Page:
"If you look at the flagship smartphones of Huawei, Oppo and Vivo, they have features that can be found in the flagship smartphones of Samsung and Apple, but the prices are at the same time quite low."

And while Huawei is often referred to as the low-cost spoiler of the global smartphone race, notable brands such as Google, based in the US, seem to be content to play the game of their book. The latest rumor is that Google will cut the price of the next iteration of the Pixel to further compete with the iPhone XR (currently priced at $ 745).

The Pixel is currently priced at $ 800. But this lower price gives Google a chance to integrate more people into the ecosystem it was creating – and with optimized hardware to use it. And as consumers connect in more places and to more objects, using the phone as a bait for the ecosystem could be the right game.

Capture the connected client

Consumers want innovative products, but they are looking for innovations that make their phones more usable.

"The question for many customers is less about the phone itself, but more about the applications it connects to, the clarity of the photos, the number of functions it can run simultaneously. they ask who did it.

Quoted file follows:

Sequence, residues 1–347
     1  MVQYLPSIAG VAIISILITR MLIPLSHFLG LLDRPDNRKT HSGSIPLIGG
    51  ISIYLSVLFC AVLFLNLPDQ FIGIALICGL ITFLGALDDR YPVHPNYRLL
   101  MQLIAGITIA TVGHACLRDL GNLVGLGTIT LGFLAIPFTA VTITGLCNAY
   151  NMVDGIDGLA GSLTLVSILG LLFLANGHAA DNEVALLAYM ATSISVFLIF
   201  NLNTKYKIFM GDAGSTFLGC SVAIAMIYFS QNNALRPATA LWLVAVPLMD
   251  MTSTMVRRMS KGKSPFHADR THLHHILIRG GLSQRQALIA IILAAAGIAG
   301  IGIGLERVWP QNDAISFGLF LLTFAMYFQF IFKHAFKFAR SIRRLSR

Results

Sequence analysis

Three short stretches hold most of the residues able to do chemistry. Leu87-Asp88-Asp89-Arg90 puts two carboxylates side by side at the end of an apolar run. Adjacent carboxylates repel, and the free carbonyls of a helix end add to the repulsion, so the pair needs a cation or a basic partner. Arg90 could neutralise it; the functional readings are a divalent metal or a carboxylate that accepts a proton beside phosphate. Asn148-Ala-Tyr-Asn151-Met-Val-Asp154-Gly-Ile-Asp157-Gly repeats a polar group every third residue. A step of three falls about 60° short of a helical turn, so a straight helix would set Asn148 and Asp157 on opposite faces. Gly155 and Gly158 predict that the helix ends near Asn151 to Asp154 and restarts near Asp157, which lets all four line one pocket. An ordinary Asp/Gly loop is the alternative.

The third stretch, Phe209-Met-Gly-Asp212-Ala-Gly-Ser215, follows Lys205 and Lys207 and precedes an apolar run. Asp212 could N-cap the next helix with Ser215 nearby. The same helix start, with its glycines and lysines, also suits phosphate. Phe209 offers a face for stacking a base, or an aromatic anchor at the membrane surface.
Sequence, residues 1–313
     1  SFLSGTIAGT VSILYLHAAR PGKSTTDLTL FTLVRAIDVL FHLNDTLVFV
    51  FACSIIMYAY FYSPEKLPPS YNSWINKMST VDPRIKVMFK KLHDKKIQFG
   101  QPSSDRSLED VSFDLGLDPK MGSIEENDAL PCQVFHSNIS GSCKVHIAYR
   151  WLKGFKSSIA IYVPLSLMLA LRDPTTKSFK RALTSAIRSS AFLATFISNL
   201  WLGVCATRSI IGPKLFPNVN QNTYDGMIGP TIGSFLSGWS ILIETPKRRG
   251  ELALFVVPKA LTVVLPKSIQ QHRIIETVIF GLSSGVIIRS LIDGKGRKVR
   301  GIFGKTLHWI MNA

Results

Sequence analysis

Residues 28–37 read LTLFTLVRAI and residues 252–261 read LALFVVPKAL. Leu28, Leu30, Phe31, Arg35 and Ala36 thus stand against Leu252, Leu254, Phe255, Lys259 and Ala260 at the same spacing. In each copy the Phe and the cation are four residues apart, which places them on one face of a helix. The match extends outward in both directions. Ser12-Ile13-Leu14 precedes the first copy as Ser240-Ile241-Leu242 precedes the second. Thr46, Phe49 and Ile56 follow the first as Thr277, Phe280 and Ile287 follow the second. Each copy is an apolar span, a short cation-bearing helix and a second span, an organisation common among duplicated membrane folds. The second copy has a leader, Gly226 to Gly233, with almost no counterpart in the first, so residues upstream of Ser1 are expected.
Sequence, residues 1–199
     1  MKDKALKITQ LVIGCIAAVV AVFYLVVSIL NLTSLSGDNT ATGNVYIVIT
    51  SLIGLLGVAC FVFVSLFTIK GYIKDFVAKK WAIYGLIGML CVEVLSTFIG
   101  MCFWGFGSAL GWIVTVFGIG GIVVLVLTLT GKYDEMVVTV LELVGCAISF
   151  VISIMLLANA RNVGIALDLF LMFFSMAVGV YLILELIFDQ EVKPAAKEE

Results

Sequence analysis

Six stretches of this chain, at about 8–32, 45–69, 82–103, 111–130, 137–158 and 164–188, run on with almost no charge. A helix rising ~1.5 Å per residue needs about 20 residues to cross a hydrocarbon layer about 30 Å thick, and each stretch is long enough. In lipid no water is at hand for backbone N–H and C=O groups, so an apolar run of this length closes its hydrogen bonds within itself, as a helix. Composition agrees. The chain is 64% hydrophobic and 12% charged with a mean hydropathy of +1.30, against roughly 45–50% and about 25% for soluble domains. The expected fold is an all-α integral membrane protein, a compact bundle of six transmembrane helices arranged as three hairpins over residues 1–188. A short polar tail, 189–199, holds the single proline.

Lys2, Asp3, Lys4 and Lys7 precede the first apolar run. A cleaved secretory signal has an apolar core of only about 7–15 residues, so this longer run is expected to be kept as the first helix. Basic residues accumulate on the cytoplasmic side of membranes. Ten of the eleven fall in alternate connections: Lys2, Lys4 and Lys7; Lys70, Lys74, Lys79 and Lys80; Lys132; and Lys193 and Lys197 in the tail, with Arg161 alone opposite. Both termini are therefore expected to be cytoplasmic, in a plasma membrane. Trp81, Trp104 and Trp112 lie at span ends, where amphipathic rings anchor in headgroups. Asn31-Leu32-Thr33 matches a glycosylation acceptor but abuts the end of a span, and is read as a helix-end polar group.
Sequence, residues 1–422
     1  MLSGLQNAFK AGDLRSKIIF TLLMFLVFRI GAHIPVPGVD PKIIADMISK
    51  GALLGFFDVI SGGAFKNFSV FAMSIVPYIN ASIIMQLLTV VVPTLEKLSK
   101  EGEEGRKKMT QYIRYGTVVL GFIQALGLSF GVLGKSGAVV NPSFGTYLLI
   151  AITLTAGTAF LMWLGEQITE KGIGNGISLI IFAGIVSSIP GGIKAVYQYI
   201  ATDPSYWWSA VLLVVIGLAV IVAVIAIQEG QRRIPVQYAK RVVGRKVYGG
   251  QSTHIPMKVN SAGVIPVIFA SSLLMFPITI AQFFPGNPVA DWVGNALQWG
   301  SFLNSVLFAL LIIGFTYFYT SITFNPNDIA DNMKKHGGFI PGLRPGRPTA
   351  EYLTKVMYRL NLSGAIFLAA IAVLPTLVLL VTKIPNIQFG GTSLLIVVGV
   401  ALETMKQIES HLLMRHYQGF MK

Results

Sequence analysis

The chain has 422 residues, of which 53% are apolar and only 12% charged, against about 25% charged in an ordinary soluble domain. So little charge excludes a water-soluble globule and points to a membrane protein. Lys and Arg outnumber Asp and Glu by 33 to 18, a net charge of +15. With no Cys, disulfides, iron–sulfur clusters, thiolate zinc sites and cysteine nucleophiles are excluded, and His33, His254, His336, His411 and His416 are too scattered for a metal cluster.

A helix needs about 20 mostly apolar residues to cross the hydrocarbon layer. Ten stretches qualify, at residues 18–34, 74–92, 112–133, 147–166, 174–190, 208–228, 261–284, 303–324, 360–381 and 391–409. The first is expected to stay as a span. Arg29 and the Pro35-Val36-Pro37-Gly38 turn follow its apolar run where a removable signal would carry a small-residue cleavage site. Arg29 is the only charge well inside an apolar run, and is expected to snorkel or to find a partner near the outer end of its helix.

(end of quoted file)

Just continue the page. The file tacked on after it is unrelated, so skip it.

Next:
That's why Apple, faced with the need to move from a company primarily focused on the iPhone, reorganizes its leadership priorities in revenue generation from its services and other technology offerings. Services are expected to exceed $ 50 billion by Apple's 2020 fiscal year and account for more than 60 percent of the company's total revenue growth over the next five years.

"Technology is evolving and they need to continue tweaking their structure to be on the right curve," said Gene Munster, a long-time analyst at Apple and managing partner of venture capital firm Loup Ventures.

It remains to be seen whether these services will be enough to keep the iPhones sticky – when Samsung builds 5G folding phones and Google sets prices for its flagship product, such as Apple's business models to recruit consumers into its ecosystem more robust

But it's clear that everyone has to do something – because for the first time in 10 years, it's not enough to build the latest and most powerful phone technology, or to announce that you'll get it, for customers to arrive.

And even if they do, there is no guarantee that they will be back in the near future – or that they will return loyally in three years for the next and the best year.